Logitech Wireless Keyboard K350
Perhaps not surprisingly, the K350 keyboard turned out to be my personal favorite. It almost seems that Logitech studied Microsoft’s 5000 keyboard, took some inspiration from the 4000, added a few tweaks of its own, and delivered the company’s one and only ergonomic consumer keyboard. That may sound negative, but it’s not meant to be. I’ve reviewed and interviewed Logitech for many years, and the company’s pattern has always been to identify large trends in consumer peripherals, then figure out ways to build products for those trends that are attractive, offer feature-solid build quality, and deliver top-tier performance for mid-level prices. Take your pick of speakers, Webcams, mice—whatever. The pattern repeats over and over.
So it goes with the K350 ($60). Logitech obviously wanted an ergonomic keyboard with zero learning time. We have the same smile-shaped primary keybed found in the Microsoft 5000, only Logitech hasn’t monkeyed with the key size or (as far as my eye can perceive) key spacing. This is a nifty trick, and it makes moving from a standard keyboard to the K350 virtually seamless.
Actually, Logitech doesn’t draw from Microsoft’s 4000, despite possible appearances. The 4000, as stated before, uses a sloping keybed to reduce forearm pronation. The K350 does not. Instead, it actually takes a clue from contour-style keyboards and implements shallow dips in the plane of the keybed so as to better conform to the length of your fingers. The effect is slight but (presumably) cumulative. Fewer inches traveled overall means less repetitive motion.
I mentioned Logitech’s keyboard foot design earlier. As you can see in the photo here, there are two feet on each side of the keyboard, one nestled inside the other. This gives you the freedom to select an upward tilting angle of either four or eight degrees. But unlike Microsoft, Logitech doesn’t provide for tilting from the front edge, so there’s no help for wrist extension and, if anything, a danger of increasing it.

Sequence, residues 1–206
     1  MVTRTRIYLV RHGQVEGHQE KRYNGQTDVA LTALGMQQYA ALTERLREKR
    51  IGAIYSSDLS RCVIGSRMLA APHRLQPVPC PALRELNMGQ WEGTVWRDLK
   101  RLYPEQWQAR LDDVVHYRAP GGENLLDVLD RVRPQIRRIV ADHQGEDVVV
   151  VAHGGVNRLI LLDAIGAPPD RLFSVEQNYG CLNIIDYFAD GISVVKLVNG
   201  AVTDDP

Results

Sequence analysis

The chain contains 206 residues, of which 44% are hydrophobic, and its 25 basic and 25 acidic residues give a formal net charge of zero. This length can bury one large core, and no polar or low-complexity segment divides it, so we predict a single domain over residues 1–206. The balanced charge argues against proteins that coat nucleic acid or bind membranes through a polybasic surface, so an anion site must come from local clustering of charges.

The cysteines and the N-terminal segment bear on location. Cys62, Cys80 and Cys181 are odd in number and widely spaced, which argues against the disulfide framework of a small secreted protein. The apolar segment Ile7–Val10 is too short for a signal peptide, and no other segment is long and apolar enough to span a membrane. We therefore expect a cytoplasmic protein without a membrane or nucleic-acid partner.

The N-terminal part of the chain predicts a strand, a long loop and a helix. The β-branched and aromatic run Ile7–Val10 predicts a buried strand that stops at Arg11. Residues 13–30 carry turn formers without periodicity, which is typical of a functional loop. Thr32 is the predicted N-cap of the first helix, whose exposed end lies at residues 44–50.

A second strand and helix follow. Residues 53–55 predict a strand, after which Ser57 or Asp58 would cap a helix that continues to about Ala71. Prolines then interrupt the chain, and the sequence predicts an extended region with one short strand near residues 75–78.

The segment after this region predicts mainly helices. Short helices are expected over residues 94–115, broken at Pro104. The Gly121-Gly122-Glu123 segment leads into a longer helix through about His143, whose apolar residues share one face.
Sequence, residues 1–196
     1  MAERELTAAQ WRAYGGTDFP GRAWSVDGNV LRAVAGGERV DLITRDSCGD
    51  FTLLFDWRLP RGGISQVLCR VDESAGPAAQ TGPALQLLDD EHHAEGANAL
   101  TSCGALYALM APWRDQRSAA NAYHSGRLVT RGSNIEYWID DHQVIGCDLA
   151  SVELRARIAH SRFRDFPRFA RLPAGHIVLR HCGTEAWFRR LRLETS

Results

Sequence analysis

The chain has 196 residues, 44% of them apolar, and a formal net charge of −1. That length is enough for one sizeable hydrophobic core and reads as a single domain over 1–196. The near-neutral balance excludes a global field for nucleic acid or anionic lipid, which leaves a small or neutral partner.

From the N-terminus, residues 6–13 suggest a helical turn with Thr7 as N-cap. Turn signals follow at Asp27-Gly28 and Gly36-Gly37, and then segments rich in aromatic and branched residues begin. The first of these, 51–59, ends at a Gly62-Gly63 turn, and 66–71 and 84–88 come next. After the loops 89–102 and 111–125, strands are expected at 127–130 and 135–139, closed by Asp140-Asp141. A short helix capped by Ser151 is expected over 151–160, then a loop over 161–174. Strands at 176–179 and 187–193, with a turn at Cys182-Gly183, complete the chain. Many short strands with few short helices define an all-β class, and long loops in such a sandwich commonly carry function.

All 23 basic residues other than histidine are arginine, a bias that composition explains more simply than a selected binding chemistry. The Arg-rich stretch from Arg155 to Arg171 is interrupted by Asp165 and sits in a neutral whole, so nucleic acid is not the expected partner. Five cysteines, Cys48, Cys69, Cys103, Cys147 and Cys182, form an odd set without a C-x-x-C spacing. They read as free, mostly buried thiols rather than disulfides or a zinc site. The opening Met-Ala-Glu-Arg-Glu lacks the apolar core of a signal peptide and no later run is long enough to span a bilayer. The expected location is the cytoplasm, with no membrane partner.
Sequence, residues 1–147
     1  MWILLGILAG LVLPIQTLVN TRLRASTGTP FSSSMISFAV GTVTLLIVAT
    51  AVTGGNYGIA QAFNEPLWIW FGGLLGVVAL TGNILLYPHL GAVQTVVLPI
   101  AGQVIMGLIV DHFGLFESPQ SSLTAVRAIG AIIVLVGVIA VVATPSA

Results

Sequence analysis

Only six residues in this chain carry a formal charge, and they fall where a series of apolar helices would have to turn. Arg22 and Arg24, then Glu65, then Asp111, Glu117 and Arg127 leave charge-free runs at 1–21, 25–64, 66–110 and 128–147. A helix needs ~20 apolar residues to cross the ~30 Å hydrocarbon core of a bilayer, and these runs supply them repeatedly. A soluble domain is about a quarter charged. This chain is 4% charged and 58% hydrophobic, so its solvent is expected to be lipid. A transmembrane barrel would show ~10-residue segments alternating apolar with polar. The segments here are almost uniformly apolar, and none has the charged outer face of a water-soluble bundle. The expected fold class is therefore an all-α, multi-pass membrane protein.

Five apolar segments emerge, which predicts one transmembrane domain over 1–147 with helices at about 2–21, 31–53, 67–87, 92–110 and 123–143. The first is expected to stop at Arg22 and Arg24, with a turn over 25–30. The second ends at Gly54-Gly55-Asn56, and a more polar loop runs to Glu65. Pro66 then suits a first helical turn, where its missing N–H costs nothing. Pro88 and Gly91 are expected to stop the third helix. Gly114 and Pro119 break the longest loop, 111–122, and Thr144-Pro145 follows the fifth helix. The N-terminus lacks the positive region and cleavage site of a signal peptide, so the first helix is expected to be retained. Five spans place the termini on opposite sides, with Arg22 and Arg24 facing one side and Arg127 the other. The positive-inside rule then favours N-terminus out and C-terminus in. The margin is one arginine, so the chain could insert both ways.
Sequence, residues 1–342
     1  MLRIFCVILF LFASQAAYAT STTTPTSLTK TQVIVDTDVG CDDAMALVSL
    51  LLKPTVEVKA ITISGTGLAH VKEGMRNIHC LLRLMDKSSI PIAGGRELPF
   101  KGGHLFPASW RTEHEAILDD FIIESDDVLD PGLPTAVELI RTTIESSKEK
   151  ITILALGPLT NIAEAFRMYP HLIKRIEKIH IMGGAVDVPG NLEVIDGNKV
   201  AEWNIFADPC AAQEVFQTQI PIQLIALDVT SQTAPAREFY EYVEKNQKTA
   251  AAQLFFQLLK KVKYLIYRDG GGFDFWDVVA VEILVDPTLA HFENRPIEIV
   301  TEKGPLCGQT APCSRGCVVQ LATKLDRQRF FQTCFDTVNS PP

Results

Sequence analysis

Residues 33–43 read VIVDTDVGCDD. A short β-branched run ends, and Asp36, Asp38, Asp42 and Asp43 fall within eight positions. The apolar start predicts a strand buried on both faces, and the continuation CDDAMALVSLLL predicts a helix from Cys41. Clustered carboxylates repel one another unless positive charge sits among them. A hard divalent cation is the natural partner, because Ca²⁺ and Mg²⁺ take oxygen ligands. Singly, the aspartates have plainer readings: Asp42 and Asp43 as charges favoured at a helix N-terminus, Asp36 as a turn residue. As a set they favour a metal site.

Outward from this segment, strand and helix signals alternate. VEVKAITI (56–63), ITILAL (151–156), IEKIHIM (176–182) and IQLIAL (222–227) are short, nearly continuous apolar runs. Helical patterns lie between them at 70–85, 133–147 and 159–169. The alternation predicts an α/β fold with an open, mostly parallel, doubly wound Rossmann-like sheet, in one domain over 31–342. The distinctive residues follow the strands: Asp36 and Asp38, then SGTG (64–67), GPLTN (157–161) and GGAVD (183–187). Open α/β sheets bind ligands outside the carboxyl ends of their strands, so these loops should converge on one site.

That said, I find that Logitech’s tactile feel is about the same as Microsoft’s, although Microsoft tends to be a bit quieter. (This may not be a good thing if you depend in part on auditory feedback to know that you’ve actually depressed a key.) As with Microsoft, Logitech’s 2.4 GHz wireless communication works like a champ, and the tiny USB receiver for both compatible keyboards and mice is ridiculously small—almost too small for mobile use since it’s about the size of a quarter and just as easily lost. Of course, the whole point is that it’s so small you’ll never need to unplug it. The stated three-year battery life for two AA cells, if true, is also outstanding.
I liked the comfort and quality of the K350 so much that I opted to make it my new primary keyboard, but part of that has to do with how I don’t have the time right now to adapt to a new keyboard style, which essentially means learning to touch type. If I were smarter, I’d force myself to make a better decision with more long-term benefits for my body. My suggestion is to do as I say, not as I do.
And hey, want a tip? If you don’t care about all of the K350's media function keys, and you’d rather avoid having even more wireless interference around your desk, save $20 and go buy the Logitech Comfort Wave 450. Same keyboard, only corded and slanted to business buyers.